Two-dimensional (2D) materials such as those made from transition metal dichalcogenides (TMDs) are layered one on top of another to create devices that could potentially be used for electronics. In fact, how these materials are layered determines to a large extent the electronic properties of the final device.
One property that engineers have kept in mind when plotting the layering of TMDs and other 2D materials is how they dissipate heat. Researchers at North Carolina State University, the University of Illinois at Urbana-Champaign (UI) and the Toyota Research Institute of North America (TRINA) have discovered an almost counterintuitive phenomenon in the layering of 2D materials that should help them to dissipate heat when they are fabricated into electronic devices.
In research described in the journal Nature Communications, the researchers wanted to address the issue of the difference in how heat is conducted in the strong, horizontal “in plane” bonds of the layers versus the weak, “out of plane” bonds between the layers. What they discovered was that in TMDs, heat was conducted at 100 watts per meter per Kelvin (W/mK) in plane, but at only 2 W/mK out of plane. This gives the TMDs a “thermal anisotropy ratio” of about 50. Anisotropy is when a material has a physical property that is different in one direction versus another. For instance, wood is stronger along its grain rather than against it.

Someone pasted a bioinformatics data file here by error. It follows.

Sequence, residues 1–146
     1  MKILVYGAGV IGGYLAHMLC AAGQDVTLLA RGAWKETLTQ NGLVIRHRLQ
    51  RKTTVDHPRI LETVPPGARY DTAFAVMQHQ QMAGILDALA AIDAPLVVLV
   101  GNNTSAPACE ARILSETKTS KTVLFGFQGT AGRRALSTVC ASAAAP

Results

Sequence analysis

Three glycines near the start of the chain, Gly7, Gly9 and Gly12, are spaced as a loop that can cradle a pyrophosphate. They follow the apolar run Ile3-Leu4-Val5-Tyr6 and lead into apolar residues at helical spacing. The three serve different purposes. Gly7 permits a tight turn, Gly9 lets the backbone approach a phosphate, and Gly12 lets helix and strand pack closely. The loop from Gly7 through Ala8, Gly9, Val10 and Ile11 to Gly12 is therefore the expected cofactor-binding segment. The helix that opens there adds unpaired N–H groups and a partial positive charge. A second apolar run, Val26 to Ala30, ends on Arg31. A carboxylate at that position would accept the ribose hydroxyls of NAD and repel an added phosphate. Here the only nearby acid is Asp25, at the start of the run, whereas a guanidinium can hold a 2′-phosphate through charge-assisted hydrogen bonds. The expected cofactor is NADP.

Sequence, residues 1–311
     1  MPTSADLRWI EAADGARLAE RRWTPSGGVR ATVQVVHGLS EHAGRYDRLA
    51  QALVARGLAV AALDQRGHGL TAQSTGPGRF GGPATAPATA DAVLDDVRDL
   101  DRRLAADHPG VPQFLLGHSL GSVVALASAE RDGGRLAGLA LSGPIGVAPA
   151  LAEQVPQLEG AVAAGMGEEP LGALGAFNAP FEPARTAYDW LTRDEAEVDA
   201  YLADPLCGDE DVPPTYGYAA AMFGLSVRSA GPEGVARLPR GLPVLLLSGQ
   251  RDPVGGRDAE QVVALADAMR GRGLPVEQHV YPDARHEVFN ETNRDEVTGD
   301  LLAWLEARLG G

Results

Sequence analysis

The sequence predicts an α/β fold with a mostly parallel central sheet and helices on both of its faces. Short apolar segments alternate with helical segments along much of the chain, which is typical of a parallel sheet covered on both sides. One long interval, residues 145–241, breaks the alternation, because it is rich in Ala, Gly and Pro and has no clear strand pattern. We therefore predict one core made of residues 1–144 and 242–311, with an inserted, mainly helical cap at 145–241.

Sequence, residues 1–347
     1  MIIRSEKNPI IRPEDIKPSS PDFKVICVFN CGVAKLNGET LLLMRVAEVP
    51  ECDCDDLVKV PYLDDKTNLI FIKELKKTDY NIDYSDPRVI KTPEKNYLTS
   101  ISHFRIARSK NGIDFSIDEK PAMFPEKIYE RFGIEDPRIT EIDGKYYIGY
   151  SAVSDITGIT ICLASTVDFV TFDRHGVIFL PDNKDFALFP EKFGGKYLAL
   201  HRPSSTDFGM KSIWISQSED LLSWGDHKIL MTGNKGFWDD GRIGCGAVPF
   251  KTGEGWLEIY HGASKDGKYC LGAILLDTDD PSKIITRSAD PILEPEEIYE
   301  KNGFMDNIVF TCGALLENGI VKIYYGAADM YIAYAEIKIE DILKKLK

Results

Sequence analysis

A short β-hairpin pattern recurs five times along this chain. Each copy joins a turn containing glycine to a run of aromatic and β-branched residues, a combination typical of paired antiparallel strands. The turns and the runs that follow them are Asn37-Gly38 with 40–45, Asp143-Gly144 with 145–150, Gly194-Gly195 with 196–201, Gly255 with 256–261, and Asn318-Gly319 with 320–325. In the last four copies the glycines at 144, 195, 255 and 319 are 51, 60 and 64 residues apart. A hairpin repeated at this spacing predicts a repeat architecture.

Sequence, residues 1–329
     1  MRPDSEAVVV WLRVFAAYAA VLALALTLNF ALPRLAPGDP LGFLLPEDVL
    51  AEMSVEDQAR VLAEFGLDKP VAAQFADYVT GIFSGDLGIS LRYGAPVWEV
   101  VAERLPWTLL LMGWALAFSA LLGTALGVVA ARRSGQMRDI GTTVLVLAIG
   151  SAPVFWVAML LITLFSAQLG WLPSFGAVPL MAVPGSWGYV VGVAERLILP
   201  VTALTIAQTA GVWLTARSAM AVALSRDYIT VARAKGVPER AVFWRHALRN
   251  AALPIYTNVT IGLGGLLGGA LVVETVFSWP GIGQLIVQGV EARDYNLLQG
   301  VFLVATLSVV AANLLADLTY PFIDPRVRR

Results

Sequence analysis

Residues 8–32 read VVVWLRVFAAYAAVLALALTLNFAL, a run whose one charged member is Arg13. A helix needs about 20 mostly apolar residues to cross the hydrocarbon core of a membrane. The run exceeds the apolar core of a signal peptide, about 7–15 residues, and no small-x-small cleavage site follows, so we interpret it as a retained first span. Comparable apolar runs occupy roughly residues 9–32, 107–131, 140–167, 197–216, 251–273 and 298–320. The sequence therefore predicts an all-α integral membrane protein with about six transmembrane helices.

The researchers wanted to see if they could increase these 2D materials’ heat conduction ratio to an even higher number. That would almost guarantee that the heat would travel in plane—along the layer—rather than between the layers.
To accomplish this, they added a few lithium ions between layers of molybdenum disulfide (a TMD). Two key changes were observed: First, it put the two layers out of alignment; and, second, it forced the atoms of molybdenum disulfide to rearrange. Those molecular adjustments were sufficient to yield an in-plane thermal conductivity of 45 W/mK and an out-of-plane thermal conductivity of only 0.4 W/mK. In other words, the thermal anisotropy ratio rose from 50 to more than 100.
Curiously, the number of lithium ions they struck upon was just right; in iterations of the experiment when they added more or fewer lithium ions, the result was actually a dip in the material’s thermal anisotropy ratio. But this taught them that the change in heat conductivity was tunable.